Morphine is a non-synthetic narcotic with a high potential for abuse and is the principal constituent of opium. It is one of the most effective drugs known for the relief of severe pain.
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Morphine is marketed under generic and brand name products, including: MS-Contin®, oramorph SR®, MSiR®, Roxanol®, Kadian®, and RMS®.
Traditionally, morphine was almost exclusively used by injection, but the variety of pharmaceutical forms that it is marketed as today support its use by oral and other routes of administration. Forms include: oral solutions, immediate-and sustained-release tablets and capsules, suppositories, and injectable preparations. Those dependent on morphine prefer injection because the drug enters the blood stream more quickly.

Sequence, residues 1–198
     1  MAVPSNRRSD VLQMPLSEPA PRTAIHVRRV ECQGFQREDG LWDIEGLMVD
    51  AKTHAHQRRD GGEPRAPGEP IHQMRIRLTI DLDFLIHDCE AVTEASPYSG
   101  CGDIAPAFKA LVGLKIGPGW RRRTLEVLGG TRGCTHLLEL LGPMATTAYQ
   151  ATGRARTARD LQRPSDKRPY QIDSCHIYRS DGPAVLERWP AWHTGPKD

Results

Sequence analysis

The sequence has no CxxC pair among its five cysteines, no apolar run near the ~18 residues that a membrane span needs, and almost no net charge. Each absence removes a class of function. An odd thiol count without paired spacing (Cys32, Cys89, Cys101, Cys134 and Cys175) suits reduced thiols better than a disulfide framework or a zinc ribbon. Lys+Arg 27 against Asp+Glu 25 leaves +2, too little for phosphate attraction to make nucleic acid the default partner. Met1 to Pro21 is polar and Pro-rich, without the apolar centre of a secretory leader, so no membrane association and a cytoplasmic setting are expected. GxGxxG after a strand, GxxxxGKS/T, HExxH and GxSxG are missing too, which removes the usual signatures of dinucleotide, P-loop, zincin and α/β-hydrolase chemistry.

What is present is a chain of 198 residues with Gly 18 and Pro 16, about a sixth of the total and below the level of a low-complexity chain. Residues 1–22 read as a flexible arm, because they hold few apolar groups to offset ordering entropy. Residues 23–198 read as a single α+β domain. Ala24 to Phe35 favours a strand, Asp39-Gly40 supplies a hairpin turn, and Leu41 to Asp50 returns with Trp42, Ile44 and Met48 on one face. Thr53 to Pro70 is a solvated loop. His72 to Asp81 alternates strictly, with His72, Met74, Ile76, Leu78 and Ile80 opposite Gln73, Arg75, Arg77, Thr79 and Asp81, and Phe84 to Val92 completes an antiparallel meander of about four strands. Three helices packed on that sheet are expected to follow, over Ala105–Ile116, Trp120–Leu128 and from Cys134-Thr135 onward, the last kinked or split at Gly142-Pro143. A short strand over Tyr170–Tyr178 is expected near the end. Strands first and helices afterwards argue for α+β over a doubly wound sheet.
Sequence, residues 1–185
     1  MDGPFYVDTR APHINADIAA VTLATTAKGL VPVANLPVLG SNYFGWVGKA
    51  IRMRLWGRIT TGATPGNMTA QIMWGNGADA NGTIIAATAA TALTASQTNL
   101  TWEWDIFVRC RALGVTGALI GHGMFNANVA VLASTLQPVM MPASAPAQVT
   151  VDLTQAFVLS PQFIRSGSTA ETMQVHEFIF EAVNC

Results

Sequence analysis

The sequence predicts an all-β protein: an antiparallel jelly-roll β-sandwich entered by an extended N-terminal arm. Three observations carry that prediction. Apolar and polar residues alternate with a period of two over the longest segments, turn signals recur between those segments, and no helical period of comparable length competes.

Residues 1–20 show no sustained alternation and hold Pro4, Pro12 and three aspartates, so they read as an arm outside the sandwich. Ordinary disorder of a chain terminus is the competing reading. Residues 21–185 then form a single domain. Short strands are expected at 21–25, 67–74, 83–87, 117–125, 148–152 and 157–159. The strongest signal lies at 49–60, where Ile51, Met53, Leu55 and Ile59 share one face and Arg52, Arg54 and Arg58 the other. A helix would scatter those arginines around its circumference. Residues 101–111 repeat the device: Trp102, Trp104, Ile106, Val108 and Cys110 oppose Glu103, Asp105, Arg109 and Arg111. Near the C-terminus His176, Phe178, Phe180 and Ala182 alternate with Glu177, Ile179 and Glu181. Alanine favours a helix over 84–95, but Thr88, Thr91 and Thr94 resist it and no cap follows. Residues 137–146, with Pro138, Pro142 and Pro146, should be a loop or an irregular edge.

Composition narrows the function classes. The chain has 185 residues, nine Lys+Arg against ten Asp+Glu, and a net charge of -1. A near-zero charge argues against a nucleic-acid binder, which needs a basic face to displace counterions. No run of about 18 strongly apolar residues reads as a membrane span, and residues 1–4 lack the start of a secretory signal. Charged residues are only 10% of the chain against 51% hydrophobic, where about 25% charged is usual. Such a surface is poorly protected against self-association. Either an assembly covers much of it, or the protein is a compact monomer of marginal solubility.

Morphine’s effects include euphoria and relief of pain. Chronic use of morphine results in tolerance and physical and psychological dependence.
How does this drug affect the body?
Morphine use results in relief from physical pain, decrease in hunger, and inhibition of the cough reflex.
Drugs causing similar effects as morphine include: opium, codeine, heroin, methadone, hydrocodone, fentanyl, and oxycodone.
Overdose effects include: cold, clammy skin, lowered blood pressure, sleepiness, slowed breathing, slow pulse rate, coma, and possible death.
Morphine is a Schedule II narcotic under the Controlled Substances Act.
In the United States, a small percentage of the morphine obtained from opium is used directly for pharmaceutical products. The remaining morphine is processed into codeine and other derivatives.